Sinner, Saint or Serpent
By John Anthony Miller
New Orleans, 1926
When a leading businessman is found murdered, investigative reporters Justice Harper, known for his fairness, and Remy Morel, his sassy counterpart, are determined to find the killer. There are three suspects, all prominent women in New Orleans society. The sinner is Blaze Barbeau, a real estate magnate with a checkered past. The saint is Lucinda Boyd, who lost her family business to the victim. And the serpent is a spooky voodoo queen named Belladonna Dede.
New Orleans, Louisiana
May 18, 1926 at 7:37 p.m.
August Chevalier sat in the parlor of his Royal Street mansion, eyes wide open, a bullet hole in the center of his forehead with a line of blood trailing down the bridge of his nose. He seemed surprised by death’s arrival, or by whoever delivered it, as if meeting his maker had been the farthest thing from his mind at the time.
I studied the body from the foyer, leaning against the white molding of the arched entrance, watching the investigation. The corpse sat on a Victorian couch, lavender with lion’s paws feet, a book lying askew beside it. The Prince, by Machiavelli, was a political discourse that supposedly gave good advice for handling enemies to business folks like Chevalier. He should have read it just a little bit sooner.
There was an Art Deco table in front of the couch with a glass top and floral wrought iron frame that matched the fence that circled the property. Chevalier’s left leg was stretched out beneath it, a nick on the sole of his Italian leather shoe. Like most rich folks, he wore expensive clothes – a silk blue shirt and darker slacks with barely a wrinkle in them.
Even though I had no right to be at the crime scene, I was there just the same. So I just kept looking around the room, scribbling notes on a pad I always carried with me. There was a small leather bag on the floor near the leg of the couch, just beside the body. The string keeping it closed had come undone, and there was a trail of gray powder, a few streaks of vermillion and chunks of something that looked like bones or small animal parts scattered across the Oriental carpet. I knew it was a gris-gris bag, a voodoo charm used to ward off evil or bring good luck – or any number of things that the creator might make for the purchaser. They were popular in New Orleans, especially among the superstitious. And even those that weren’t.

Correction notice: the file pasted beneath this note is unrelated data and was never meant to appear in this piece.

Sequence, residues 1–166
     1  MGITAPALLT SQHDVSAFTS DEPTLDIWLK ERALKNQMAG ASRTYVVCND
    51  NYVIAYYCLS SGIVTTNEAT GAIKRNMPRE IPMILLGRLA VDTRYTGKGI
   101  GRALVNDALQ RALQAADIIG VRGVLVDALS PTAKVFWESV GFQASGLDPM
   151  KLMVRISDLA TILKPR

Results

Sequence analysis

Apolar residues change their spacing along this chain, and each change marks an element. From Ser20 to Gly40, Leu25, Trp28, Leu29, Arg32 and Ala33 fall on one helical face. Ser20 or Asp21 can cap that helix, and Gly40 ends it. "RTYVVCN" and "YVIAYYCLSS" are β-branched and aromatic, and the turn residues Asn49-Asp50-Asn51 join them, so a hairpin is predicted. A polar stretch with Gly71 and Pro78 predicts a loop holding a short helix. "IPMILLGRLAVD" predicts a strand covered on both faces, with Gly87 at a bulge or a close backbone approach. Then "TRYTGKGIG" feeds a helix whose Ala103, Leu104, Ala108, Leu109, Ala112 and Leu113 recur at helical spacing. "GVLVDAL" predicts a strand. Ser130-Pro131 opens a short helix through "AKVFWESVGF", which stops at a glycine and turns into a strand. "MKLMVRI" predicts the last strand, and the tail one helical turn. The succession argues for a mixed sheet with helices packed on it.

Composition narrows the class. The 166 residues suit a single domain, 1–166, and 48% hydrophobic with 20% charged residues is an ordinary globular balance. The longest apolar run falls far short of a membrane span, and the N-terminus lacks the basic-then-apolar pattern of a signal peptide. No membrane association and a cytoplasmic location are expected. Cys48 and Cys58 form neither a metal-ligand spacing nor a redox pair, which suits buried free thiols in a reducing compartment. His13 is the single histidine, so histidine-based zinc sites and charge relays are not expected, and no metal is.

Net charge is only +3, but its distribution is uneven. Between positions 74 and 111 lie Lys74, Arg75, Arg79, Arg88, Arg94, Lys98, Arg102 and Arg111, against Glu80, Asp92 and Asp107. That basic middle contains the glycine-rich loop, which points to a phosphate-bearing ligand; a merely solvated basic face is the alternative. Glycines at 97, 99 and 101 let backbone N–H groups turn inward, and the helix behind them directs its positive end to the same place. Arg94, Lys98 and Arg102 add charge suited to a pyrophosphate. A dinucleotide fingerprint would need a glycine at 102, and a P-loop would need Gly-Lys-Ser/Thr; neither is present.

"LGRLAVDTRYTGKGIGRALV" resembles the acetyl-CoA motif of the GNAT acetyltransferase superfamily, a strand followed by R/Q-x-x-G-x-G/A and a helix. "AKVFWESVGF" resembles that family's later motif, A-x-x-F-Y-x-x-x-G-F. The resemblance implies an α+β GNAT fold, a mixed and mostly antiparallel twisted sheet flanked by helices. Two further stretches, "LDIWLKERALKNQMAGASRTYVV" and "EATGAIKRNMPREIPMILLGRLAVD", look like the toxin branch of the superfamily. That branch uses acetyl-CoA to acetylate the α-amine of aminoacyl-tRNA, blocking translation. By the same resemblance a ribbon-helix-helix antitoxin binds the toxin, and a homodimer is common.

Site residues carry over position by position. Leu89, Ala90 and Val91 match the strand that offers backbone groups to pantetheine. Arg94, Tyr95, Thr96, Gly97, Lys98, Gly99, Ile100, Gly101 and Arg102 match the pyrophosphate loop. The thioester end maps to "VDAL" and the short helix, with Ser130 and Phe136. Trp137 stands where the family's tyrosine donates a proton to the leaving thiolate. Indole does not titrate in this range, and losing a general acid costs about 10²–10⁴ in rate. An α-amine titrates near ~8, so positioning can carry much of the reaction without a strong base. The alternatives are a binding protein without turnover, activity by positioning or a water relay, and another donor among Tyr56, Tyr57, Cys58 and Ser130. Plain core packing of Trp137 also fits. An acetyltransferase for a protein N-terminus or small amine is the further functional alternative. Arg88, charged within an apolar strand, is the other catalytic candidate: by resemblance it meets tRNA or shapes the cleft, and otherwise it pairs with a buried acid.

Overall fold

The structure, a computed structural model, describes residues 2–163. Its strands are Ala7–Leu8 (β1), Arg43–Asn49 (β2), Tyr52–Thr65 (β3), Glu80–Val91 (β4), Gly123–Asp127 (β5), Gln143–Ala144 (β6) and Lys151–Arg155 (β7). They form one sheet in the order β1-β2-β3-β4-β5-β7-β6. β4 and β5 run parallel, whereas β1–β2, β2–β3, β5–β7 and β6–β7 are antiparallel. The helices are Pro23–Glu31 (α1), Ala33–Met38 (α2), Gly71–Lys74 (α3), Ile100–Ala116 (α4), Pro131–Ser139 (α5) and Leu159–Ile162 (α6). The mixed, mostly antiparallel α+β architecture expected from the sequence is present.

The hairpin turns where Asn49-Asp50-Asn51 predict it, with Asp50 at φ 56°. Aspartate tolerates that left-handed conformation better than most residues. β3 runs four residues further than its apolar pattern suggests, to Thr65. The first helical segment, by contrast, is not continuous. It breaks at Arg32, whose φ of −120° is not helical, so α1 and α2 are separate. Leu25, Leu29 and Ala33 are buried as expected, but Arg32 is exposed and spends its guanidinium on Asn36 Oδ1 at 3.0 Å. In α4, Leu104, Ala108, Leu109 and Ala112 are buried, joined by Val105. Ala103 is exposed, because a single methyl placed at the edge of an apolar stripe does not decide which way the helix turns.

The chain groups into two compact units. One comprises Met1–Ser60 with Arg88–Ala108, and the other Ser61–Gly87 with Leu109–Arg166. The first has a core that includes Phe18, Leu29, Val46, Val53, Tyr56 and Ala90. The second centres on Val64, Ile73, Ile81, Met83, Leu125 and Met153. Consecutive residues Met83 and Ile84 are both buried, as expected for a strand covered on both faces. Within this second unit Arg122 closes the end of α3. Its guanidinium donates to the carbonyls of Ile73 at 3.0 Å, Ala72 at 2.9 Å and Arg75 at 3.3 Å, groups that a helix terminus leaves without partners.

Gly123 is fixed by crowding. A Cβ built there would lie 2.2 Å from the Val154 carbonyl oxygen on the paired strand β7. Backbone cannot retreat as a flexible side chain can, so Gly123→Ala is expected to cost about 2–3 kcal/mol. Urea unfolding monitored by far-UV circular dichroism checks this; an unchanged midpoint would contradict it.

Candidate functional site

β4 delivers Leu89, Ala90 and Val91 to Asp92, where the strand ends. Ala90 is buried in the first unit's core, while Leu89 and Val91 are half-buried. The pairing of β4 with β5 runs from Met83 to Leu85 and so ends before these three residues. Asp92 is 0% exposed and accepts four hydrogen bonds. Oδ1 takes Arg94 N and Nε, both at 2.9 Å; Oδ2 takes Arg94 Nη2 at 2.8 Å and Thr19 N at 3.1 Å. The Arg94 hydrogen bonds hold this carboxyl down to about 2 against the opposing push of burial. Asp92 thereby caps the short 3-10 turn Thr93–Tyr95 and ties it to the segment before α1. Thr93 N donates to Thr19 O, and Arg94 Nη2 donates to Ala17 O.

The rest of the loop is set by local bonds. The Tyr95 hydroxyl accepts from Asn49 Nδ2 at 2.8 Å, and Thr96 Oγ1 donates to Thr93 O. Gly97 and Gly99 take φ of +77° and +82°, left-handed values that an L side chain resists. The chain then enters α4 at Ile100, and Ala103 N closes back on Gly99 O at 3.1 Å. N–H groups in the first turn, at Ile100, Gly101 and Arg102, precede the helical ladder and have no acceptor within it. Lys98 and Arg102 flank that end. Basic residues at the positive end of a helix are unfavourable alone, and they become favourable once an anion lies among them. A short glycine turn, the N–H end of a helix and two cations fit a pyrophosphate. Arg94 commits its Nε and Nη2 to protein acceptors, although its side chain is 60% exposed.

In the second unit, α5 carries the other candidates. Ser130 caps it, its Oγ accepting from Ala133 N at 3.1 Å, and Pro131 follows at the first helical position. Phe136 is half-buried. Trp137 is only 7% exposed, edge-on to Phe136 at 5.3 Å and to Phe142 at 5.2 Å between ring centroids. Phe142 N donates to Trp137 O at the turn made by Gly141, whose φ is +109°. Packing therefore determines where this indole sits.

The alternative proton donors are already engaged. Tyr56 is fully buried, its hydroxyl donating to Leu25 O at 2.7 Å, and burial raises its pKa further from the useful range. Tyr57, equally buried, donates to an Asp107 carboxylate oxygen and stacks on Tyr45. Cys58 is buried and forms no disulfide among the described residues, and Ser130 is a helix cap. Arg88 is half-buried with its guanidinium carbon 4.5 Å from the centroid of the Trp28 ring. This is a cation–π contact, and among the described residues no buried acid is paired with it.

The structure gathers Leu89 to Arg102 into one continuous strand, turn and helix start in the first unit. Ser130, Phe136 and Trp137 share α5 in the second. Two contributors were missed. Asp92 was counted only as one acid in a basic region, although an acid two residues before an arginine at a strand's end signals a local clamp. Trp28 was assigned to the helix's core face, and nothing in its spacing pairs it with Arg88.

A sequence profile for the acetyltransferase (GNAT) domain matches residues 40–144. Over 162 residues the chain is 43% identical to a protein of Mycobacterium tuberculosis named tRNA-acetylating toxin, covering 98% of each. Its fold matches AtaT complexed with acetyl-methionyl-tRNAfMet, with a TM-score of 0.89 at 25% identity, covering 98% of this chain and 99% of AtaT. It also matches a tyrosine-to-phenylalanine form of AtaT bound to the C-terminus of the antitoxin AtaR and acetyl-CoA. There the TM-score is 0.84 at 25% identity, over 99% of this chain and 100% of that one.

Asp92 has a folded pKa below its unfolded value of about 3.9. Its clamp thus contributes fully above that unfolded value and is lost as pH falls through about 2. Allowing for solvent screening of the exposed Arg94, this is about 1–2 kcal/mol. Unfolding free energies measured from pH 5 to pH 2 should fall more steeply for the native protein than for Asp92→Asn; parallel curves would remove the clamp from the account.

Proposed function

A grandfather’s clock stood against the far wall, a leather chair beside it, while a mahogany desk sat just under the side window. It was flanked by two cypress bookshelves, the spines of decorative leather volumes visible as you entered the room. A few papers were arranged real neat on the desktop, with a torn envelope and a folded letter that was a bit crumpled tossed near one edge. It looked recently opened, read and discarded, the contents perhaps not to the liking of the addressee. The writing on the envelope, visible from my location whereas the letter itself was not, showed fine penmanship, a swirling cursive with a flair for the dramatic, sex of the originator unknown. I leaned toward female. Most men I knew, including myself, were just not that neat.
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Sinner, Saint or Serpent
John Anthony Miller
John Anthony Miller was born in Philadelphia, Pennsylvania to a father of English ancestry and a second-generation Italian mother. Motivated by a life-long love of travel and history, he normally sets his novels in exotic locations during eras of global conflict. Characters must cope and combat, overcoming their own weaknesses as well as the external influences spawned by tumultuous times. He’s the author of the historical thrillers, To Parts Unknown, In Satan’s Shadow, When Darkness Comes, All the King's Soldiers, and For Those Who Dare, as well as the historical mystery, Honour the Dead. His latest novel, Sinner, Saint or Serpent, is a jazz age murder mystery set in New Orleans. He lives in southern New Jersey with his family.